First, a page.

A Shapeshifting Molecule Leads to a Tiny Piezoresistor

New sensors could detect diseases or lead to machine-human interfaces

3 min read

A diagram of several different variations of a geometric shape, with arrows pointing between each iteration

The hydrocarbon bullvalene has unique shapeshifting properties that can be used in a tiny sensor.

Nadim Darwish/Curtin University

Electronic sensors that use piezoresistance—that is, a change in the electric resistance of a material due to mechanical activity—are common in many devices, including cars, medical wearables, and smartphones. Now, researchers in Australia have developed a tiny version of a piezoresistor, as small as a single molecule, that could enable an entirely new host of applications.

Aside from the piezoresistor’s small size, what’s new is its molecular base, says one of the study’s authors Nadim Darwish, a molecular electronics researcher at Curtin University in Perth, Australia. “The base of existing piezoresistors are made from solid states, or from silicone, or other type of crystals…but we use organic molecules, made mainly from carbon…[which means they] can be coupled to other molecules and to biological molecules [like proteins and enzymes].”

This would make the sensor useful in biosensors to detect diseases, for instance. There are other possible applications in chemical sensors, human–machine interfaces, and health monitoring devices. The researchers’ paper was published in Nature Communications on 3 October.

“We found a use for something that would normally be a disaster.” —Jeffrey Reimers, University of Technology Sydney

The sensor is based around a hydrocarbon molecule called bullvalene, with 10 carbon and 10 hydrogen atoms. The bullvalene appears to be a stable molecule, but displays some peculiar behavior—its carbon atoms are constantly changing places with one another internally. Study co-author Thomas Fallon, an organic synthesis expert at Newcastle University, likens it to a wire that changes its shape, length, and properties simultaneously and spontaneously.

When mechanically strained, the bullvalene molecule shape-shifts into different forms, called isomers; this happens very fast, and the isomers have different electrical resistance, which alters electricity flow. “You wouldn’t want something in your body changing like that, or the parts of a car engine rearranging [themselves] 3,000 times a second,” co-author Jeffrey Reimers, a physical chemistry researcher at the University of Technology Sydney, says. “We found a use for something that would normally be a disaster.”

The speed at which bullvalene shape-shifts is the underlying principle by which the sensor operates. However, the molecule’s “dance” would be meaningless without being able to take sensible measurements of its resistance on a millisecond timescale. This was where the experiment began, Fallon says, to see if the researchers could detect the molecule changing shape in real time. “Because if we can do that, we can do many things in the future.”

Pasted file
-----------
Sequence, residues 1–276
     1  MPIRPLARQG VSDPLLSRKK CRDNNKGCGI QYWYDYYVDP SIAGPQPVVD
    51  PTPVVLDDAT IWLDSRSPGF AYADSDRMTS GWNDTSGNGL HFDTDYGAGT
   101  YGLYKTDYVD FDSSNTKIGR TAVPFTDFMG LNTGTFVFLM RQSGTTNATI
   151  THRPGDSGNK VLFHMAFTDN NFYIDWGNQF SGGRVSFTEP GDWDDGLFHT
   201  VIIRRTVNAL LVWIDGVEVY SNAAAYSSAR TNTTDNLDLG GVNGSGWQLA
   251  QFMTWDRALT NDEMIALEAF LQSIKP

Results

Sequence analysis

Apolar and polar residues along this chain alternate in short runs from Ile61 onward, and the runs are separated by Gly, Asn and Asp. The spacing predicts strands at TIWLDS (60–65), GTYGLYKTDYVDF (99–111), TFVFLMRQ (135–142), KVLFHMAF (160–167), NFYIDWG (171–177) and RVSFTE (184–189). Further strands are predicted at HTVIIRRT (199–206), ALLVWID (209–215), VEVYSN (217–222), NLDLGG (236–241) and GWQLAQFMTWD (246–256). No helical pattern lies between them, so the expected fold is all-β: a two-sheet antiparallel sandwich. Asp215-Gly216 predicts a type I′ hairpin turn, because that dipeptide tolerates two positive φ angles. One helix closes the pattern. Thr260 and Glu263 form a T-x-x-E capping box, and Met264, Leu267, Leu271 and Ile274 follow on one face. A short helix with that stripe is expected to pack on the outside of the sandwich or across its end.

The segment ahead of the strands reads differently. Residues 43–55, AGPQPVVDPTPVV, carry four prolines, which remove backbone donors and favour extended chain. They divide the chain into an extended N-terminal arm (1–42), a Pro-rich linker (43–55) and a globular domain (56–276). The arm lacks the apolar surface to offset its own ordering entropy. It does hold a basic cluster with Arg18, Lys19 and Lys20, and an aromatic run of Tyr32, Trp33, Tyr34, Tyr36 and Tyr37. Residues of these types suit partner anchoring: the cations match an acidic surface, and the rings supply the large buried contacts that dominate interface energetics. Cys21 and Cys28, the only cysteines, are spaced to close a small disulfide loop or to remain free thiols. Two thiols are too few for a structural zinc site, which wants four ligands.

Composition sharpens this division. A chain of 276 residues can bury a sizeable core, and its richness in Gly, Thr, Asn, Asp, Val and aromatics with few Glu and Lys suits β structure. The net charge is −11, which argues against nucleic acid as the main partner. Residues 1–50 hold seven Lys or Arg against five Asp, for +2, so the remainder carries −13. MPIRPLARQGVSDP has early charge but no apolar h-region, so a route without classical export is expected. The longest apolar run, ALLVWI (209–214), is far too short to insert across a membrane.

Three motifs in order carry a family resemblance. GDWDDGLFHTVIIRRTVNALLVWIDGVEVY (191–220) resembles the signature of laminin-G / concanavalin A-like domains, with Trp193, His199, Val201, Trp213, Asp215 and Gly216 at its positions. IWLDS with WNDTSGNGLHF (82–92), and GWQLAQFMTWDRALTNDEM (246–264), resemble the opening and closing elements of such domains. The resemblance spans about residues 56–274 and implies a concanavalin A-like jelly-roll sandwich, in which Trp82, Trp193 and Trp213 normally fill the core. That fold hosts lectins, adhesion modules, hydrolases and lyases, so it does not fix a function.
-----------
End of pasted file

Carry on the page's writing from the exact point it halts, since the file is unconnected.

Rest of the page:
The researchers used scanning tunneling microscopy (STM) techniques to take their measurements. An STM microscope is a very specialized device that can obtain resolutions at the atomic scale using voltage pulses. Instead of using light or electron beams, the STM uses a quantum mechanical process called electron tunneling. An ultrasharp conductive tip (in this case, made of gold) is positioned less than 1 nanometer from the specimen, which scans the surface. Applying a small voltage to the STM tip makes electrons tunnel across the gap. The changes in the tunneling current can be resolved into an image of the atomic surface.

“You can think about it as an alternative way of sensing,” says Darwish. By being able to detect how the resistance changes in this molecular sensor, when it is coupled with a biomolecule, like a protein or enzyme, it would be possible to detect changes in those proteins or enzymes.

At this point, the researchers stress, this is fundamental research, and not a functional device that can go into the market. Their work comprised multiple specializations, which Reimers sums up: “Thomas [Fallon] makes the molecule; Nadim [Darwish] puts them on the STM and takes the measurements; I simulate all the chemical structures that could be involved, and the rates and the processes; and Daniel [Kosov] does the quantum physics to work out the conductivity based upon the structures that I generate.”

To make the device practically useful involves getting rid of the STM, and transferring the technology to a cheap platform that can used in a pathology lab or a doctor’s studio, on spacecraft to analyze the stresses on its body in real time, and so on. The researchers are already working on some of this.

“There are other technologies being developed right now, like nano arrays that have electrodes separated by by by few nanometers, [which] can be combined with with our bullvalenes,” says Darwish. He feels they are not so far from creating a functional device. Since the publication of their current paper, the team have made progress in developing a thin film made of bullvalenes that can be put on a small chip. They call it the next logical step from the single-molecule level.

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